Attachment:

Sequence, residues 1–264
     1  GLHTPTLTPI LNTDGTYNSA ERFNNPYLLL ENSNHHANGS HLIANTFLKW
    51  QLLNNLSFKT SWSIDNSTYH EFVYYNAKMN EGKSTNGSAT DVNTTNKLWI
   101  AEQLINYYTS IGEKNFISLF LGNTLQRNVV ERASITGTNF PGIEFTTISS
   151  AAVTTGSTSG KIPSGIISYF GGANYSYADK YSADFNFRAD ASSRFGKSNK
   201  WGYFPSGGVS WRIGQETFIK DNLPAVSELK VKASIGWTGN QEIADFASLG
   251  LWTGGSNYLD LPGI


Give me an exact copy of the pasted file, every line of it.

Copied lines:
Sequence, residues 1–264
     1  GLHTPTLTPI LNTDGTYNSA ERFNNPYLLL ENSNHHANGS HLIANTFLKW
    51  QLLNNLSFKT SWSIDNSTYH EFVYYNAKMN EGKSTNGSAT DVNTTNKLWI
   101  AEQLINYYTS IGEKNFISLF LGNTLQRNVV ERASITGTNF PGIEFTTISS
   151  AAVTTGSTSG KIPSGIISYF GGANYSYADK YSADFNFRAD ASSRFGKSNK
   201  WGYFPSGGVS WRIGQETFIK DNLPAVSELK VKASIGWTGN QEIADFASLG
   251  LWTGGSNYLD LPGI